Both of them, it turns out, were fans of Collingwood (the team everyone else loves to hate and last year’s premieres). And both had different levels of membership — each higher level presumably attended by more privileges and benefits (and greater annual costs no doubt).

The receptionist was complaining that her ‘Legends’ membership was being devalued.

Apparently, one of the privileges of membership had been guaranteed tickets to games. But by the time Collingwood reached the grand final last season, so many new people had jumped on board as ‘Legends’ members that it would have been impossible for everyone to get the seats they felt entitled to.

Because of this, she wanted to see the ‘Legends’ membership capped. Which is understandable, I guess.

It’s a pretty common reflex. When you’re in the ‘club’ — whatever ‘club’ it is — you want to protect the meaning of belonging. You don’t want the benefits to get diluted.

But it’s got me thinking about how I might fall prey to this as a Christian. Belonging to the ‘club’ — being Christian or being part of this particular church or that well-known renewal movement — has its benefits.

And hanging in there can engender a certain degree of pride — particularly if the ‘club’ has been small and embattled: ‘I’ve been there since the beginning’ or ‘I didn’t bail out when we were doing it really tough’.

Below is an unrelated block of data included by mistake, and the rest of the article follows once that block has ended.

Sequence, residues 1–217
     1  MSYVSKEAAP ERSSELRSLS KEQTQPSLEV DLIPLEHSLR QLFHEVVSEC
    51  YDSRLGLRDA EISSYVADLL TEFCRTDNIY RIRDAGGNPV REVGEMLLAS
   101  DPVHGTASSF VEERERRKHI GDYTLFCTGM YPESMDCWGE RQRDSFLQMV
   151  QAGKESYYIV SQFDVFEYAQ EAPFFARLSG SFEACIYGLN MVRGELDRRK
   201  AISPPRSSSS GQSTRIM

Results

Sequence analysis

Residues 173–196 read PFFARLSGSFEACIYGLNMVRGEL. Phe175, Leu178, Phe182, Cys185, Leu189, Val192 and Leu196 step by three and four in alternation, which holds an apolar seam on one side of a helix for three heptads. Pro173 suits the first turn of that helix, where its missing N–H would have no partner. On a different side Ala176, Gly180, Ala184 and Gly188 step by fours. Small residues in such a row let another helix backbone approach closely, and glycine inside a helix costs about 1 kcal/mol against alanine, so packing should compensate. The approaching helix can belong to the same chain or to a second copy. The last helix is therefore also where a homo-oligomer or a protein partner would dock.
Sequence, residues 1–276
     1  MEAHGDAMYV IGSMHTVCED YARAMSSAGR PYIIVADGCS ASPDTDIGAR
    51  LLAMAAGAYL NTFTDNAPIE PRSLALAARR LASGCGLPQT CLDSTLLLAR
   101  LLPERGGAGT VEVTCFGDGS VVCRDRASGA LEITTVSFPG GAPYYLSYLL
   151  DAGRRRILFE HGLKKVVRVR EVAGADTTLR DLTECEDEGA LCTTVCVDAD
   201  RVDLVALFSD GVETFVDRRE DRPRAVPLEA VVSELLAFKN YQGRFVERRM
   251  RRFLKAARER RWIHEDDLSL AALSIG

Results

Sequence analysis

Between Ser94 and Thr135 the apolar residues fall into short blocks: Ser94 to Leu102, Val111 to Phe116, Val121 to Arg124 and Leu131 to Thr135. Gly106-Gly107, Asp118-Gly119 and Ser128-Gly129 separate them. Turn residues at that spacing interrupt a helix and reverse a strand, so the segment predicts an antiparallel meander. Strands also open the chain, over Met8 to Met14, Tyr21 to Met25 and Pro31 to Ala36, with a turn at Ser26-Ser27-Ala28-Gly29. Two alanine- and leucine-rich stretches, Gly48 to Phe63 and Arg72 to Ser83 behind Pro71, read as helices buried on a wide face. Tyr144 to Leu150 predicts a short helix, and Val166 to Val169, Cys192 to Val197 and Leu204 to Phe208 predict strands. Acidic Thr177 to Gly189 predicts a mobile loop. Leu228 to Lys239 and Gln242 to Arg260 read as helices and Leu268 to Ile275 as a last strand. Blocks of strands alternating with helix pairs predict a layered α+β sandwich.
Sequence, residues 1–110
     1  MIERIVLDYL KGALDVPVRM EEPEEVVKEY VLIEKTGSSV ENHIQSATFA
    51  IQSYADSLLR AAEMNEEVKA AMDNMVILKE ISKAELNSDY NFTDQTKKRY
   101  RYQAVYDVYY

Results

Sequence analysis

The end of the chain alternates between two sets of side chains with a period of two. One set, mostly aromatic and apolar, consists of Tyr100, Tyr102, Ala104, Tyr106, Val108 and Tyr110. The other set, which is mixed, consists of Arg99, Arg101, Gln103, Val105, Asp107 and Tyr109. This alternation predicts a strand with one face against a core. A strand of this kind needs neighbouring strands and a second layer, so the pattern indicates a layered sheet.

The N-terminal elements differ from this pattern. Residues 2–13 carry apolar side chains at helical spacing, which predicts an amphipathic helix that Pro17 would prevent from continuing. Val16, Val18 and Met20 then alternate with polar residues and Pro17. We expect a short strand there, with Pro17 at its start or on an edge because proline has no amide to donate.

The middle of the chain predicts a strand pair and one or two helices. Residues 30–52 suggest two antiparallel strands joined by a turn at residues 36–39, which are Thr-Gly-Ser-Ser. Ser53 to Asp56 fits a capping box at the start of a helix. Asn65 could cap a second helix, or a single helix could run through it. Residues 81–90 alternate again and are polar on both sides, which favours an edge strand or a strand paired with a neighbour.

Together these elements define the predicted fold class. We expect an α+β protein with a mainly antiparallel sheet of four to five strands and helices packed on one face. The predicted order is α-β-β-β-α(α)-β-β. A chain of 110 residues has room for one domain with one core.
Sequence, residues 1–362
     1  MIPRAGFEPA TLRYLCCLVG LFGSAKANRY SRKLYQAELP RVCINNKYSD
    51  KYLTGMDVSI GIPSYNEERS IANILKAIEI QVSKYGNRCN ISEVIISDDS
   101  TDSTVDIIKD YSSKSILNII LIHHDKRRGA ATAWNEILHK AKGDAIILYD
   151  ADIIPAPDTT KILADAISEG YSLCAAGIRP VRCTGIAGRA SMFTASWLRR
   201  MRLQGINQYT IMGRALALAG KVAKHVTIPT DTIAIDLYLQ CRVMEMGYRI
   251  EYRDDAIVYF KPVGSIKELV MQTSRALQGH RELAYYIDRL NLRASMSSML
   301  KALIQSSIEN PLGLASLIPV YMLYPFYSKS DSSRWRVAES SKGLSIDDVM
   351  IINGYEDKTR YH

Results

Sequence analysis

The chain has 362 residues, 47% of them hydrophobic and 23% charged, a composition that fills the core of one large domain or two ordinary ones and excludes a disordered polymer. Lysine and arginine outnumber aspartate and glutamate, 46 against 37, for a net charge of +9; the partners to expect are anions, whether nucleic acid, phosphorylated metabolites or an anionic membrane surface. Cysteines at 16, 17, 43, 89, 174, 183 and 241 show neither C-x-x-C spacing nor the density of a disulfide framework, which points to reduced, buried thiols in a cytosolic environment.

So I’ve started to wonder how often I subtly start adjusting the entry requirements. You know, bumping the bar up a bit in terms of ‘keenness’ or theological clarity or preferred temperament?

Because I wouldn’t want to see my membership being devalued now, would I?

what would it sound like to be filled with the Spirit?

I’ve been getting into David Powlison’s book on biblical counselling, Seeing With New Eyes (it is, as they say, an oldy but a goody).

Reflecting on the context of Paul’s exhortation to ‘be filled with the Spirit’ (Ephesians 5.15-20), Powlison says:

To be “filled with the Spirit” is to have your language alive to God, both your daily conversations with others and the inward conversation within your own heart. Your cognitive stream-of-consciousness and your social interactions are meant to be psalm-like and psalm-informed. That includes the ability to quote a psalm in a timely and relevant way, but it is something much more. Paul calls you to a lifestyle of joyous dependence on Christ, to live in faith like the Psalms. (‘Counsel Ephesians’, page 24)